Ivory Coast President Alassane Ouattara offered a hearty welcome to his predecessor Laurent Gbagbo on Tuesday as the rivals met for the first time since the West African country’s deadly 2010-11 conflict.
Gbagbo, 76, has leapt into the spotlight since returning last month from Europe, where he won a landmark case at the International Criminal Court (ICC).
“Cordial and fraternal meeting with my young brother Laurent Gbagbo. We will work to build confidence for the benefit of our country,” Ouattara posted on Twitter.
Rencontre cordiale et fraternelle avec mon jeune frère Laurent Gbagbo. Nous travaillerons à renforcer la confiance, dans l’intérêt de notre pays. pic.twitter.com/HwAUnX6OC2
— Alassane Ouattara (@AOuattara_PRCI) July 27, 2021
At a joint press conference, Ouattara said the “crisis created differences but that is behind us”.
“What is important for Ivory Coast is peace in our country.”
Gbagbo, for his part, called for the release of prisoners held since the crisis, sparked by his refusal to accept defeat at the ballot box to Ouattara.
Gbagbo, who was in power since 2000, was sent to The Hague-based court in 2011 after some 3,000 people were killed in a months-long conflict that followed his refusal to accept electoral defeat at the hands of incumbent Ouattara.
“The mere fact of seeing Ouattara and Gbagbo together is being seen as a sign of healing and a strong image for Ivorians in their quest for peace and national reconciliation,” the opposition newspaper Notre Voie (Our Road) said.
But Gbagbo’s spokesman Justin Katinan Kone urged the public “not to make too much” of the meeting, expected to last about half an hour and to be followed by a news conference.
“This is a courtesy visit to his elder … If it helps to ease the political atmosphere, so much the better,” he said.
“Laurent Gbagbo is in a spirit of openness, dialogue and reconciliation,” Franck Anderson Kouassi, spokesman for Gbagbo’s Ivorian Popular Front (FPI) party, told AFP news agency on Monday.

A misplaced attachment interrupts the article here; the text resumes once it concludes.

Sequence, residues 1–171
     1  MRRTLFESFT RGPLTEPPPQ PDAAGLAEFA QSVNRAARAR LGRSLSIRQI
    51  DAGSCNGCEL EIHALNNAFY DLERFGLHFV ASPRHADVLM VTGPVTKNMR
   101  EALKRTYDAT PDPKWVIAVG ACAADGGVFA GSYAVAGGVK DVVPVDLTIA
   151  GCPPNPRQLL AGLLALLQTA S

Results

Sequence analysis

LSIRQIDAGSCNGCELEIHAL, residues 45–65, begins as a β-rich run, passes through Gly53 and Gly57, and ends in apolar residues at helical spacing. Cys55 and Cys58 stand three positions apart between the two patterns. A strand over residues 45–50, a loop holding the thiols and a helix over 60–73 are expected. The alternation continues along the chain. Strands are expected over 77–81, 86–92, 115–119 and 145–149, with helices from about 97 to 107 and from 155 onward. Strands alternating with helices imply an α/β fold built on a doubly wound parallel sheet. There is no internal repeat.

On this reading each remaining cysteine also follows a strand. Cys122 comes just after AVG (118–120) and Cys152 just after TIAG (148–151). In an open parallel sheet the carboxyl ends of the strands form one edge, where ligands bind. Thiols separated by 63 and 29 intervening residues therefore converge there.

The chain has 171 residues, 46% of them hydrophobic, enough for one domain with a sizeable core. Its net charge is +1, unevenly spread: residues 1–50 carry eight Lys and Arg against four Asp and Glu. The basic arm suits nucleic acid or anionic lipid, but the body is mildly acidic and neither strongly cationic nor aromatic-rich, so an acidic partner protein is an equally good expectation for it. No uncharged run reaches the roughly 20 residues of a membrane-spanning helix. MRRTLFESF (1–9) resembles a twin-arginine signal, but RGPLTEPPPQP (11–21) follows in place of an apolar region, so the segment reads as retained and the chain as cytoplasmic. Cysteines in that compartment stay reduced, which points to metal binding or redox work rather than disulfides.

“Meeting President Ouattara is exactly in line with our way of thinking.
“Dialogue in our country… will continue, because that is the government’s will,” said government spokesman Amadou Coulibaly.
A onetime international banker, Ouattara, 79, won a landslide victory in the last elections on October 31.
But the credibility of the win was undermined by an opposition boycott.
In the run-up to the vote, many people died in clashes with police after Ouattara unveiled his controversial bid for a third term.
While Ouattara has officially welcomed Gbagbo’s return, hoping it will ease tensions, questions remain whether Gbagbo will stick to the script of statesman or prefer an active political role that may challenge Ouattara.
Gbagbo has said little about what political role he might play back home. He retains strong support among his base of supporters, particularly in the south and the west.
Gbagbo rose in the 1970s as a left-wing campaigner who helped end Ivory Coast’s one-party system following independence from France in 1960.
His years in power were marked by rebellion, civil war, national divisions and repeatedly postponed elections, but he retains considerable grassroots support. His defenders portray him as a champion of the poor and oppressed.
Commentators are also watching the interplay among Ouattara, Gbagbo and former President Henri Konan Bedie, 87, three men who have dominated the political stage for decades.
On July 11, Gbagbo and Bedie – who were also once rivals – announced that they were united in the goal of forging “final and sustainable peace”.
One lingering matter is a 20-year jail sentence for Gbagbo, who was convicted in absentia of “looting” the Central Bank of West African States (BCEAO) during the 2010-11 conflict.
Authorities have hinted that this sentence will be lifted.